Lou Ye, defiantly controversial, has made those who cannot, for one reason or another, embrace their own desires the centre of his cinema. Seeking connection, his protagonists reel desperately from one traumatic event to the next but resist full commitment, no longer able to believe in the truth of their feelings in a society which has so often betrayed them. Blind Massage (推拿, Tuīná), a radical departure from the provocative politicisation that has hitherto marked his cinema, takes this one step further in setting itself inside what it sees as an entirely isolationist world – that of the blind who occupy a particular liminal space within modern Chinese society.
Lou begins with a voiceover and fractured vision of our most prominent protagonist, Xiao Ma (Huang Xuan), as he emerges from a childhood accident which killed his mother and cost him his sight. Though he is assured that his condition is only temporary and his eyes will eventually be healed, Xiao Ma later attempts suicide when he comes to understand that his doctors have been deceiving him and his sight will never return. Surviving, he learns to accept his blindness and attends a special school for those with disabilities where he learns to read braille and is trained as a masseuse – a traditional occupation for the blind in Chinese society. Once qualified he gets a job at the Sha Zongqi Massage Center which is staffed exclusively by those with visual impairments who live together on site and exist as a small and exclusive community.
The trouble begins when the two partners, Sha Fuming (Qin Hao) and Zhong Zongqi (Wang Zhihua), invite an old colleague, Dr. Wang (Guo Xiaodong), to join them. Wang brings with him his fiancée, Xiao Kong (Zhang Lei), with whom the young Xiao Ma eventually develops a fascination. Meanwhile, Fuming has also developed a fascination for another newcomer, Du Hong (Mei Ting), who, he has been told, is very “beautiful”. Du Hong, in turn, is attracted to the morose figure of Xiao Ma but perhaps understands that for one reason or another he is unable to “see” her (which might be one of the reasons she continues to pine for him).
As in his previous films, Lou centres himself in a question of haptic connection. The residents of the clinic feel themselves cut off from what they see as “mainstream society” which they believe belongs exclusively to the sighted. Mainstream society, unadaptable and perhaps unwelcoming, has seen fit to exile them to the extent that they are unable to survive outside of the specific career track it has laid down for them and without the support of their own community. Yet their occupation also depends on deep sensory perception on a level deemed inaccessible to the fully sighted and the ability to “see” the things which can’t be “seen”.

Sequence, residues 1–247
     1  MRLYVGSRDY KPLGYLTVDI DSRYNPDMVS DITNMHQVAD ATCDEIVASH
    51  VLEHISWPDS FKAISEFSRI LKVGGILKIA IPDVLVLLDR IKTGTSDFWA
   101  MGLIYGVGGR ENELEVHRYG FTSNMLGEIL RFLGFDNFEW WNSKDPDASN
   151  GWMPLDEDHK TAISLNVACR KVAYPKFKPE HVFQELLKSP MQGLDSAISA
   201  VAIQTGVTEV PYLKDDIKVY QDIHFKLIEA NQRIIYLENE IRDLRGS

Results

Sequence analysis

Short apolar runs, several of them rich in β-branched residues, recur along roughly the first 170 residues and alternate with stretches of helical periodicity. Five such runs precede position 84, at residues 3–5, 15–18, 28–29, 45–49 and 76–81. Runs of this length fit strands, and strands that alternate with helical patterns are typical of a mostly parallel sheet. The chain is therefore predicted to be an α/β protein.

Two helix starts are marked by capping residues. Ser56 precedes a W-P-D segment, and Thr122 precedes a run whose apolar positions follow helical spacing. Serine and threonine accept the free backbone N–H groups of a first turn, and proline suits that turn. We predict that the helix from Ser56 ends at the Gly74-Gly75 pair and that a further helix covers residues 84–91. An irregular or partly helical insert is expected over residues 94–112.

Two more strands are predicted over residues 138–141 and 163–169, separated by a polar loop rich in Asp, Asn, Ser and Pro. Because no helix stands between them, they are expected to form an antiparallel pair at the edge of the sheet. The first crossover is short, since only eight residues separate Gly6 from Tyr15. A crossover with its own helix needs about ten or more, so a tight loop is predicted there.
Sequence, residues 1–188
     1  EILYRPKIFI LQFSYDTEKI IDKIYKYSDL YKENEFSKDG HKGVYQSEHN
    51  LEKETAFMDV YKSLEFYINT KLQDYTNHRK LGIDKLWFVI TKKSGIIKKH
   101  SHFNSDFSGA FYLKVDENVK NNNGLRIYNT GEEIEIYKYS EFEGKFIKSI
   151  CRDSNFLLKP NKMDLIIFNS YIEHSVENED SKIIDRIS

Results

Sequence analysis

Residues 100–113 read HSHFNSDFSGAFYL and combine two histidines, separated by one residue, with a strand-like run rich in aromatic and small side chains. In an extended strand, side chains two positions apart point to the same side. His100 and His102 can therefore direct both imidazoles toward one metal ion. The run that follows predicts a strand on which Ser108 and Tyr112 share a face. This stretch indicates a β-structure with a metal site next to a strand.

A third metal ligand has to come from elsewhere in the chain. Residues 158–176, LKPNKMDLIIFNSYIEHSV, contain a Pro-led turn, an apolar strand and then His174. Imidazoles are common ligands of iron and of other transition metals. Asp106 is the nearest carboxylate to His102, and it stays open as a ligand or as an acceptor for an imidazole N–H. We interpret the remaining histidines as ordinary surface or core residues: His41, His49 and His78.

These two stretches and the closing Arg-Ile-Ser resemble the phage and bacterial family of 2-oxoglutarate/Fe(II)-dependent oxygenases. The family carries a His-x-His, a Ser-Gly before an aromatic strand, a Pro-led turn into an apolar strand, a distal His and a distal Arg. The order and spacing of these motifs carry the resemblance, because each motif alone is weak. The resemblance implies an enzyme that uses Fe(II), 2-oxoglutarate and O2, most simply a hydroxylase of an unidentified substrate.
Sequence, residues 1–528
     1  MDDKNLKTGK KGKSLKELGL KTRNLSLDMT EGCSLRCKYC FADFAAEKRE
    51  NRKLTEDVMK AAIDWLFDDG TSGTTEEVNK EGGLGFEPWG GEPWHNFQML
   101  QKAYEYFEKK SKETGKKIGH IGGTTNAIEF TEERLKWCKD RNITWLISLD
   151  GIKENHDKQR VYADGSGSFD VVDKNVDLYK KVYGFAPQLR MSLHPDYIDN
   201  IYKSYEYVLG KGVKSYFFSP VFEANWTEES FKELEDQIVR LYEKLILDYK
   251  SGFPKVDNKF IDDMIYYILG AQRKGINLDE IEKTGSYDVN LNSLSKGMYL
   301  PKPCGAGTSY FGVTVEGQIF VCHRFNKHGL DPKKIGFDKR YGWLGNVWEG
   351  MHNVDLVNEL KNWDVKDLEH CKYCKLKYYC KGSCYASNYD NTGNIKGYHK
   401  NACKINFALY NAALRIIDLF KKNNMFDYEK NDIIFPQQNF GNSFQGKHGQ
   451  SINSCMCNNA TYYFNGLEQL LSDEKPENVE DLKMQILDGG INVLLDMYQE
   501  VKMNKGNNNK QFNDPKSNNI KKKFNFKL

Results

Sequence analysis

Fuming, outgoing and sociable, looks for outlets outside of his own community but is criticised by those within who worry that he is in someway attempting to deny his blindness by adhering to the conceptual world of the sighted which he is otherwise unable to comprehend on a sensory level. His “love” for Du Hong is rooted in ideas of “conventional” beauty which is, in fact, more an expression of his vanity as he longs to possess the “best” girl as Du Hong points out when she reminds him that he has no idea whether she is “beautiful” or not or even what visual “beauty” might be, and that in becoming obsessed with these incomprehensible ideas he has in fact missed all of the things which might be “beautiful” about her on another level than the visual.
Meanwhile, another resident at the clinic has become worried about Xiao Ma’s fixation on Kong and decided the best way to sort him out is to take him to a brothel (ironically, also a kind of “massage parlour”). Though originally reluctant Xiao Ma begins to develop a relationship with sex worker Mann (Huang Lu) which is forged through touch but occurs on a deeper level. A fight with one of Mann’s other clients has the ironic effect of restoring some of his vision, leaving him stumbling and confused but also excited and drunk on a kind of sensory euphoria as he tries to reconcile his differing kinds of perception to make his way home. Yet by this point in his life Xiao Ma’s entire identity and existence revolves around being a blind person – he cannot tell anyone at the clinic that his vision has begun to return for fear of losing his place in their community as well as his ability to support himself.
Eventually the community of the clinic becomes scattered as its residents begin to reassert themselves as individuals re-entering “mainstream society”. Casting visually impaired actors alongside familiar faces, Lou treats his subject with the utmost respect and demonstrates that many of the problems faced by those at the clinic are exactly the same as those faced by the protagonists of his previous films while also reflecting the various ways that society remains intolerant to those who have differing needs. Asking quite profound questions about the nature of “beauty” and “connection” when images have been absented from the frame Lou attempts to “visualise” what it might feel like to “see” without “seeing” in an exploration of defiant hidden realities which often go wilfully unseen in our own blinkered perceptions.
Original trailer (English subtitles)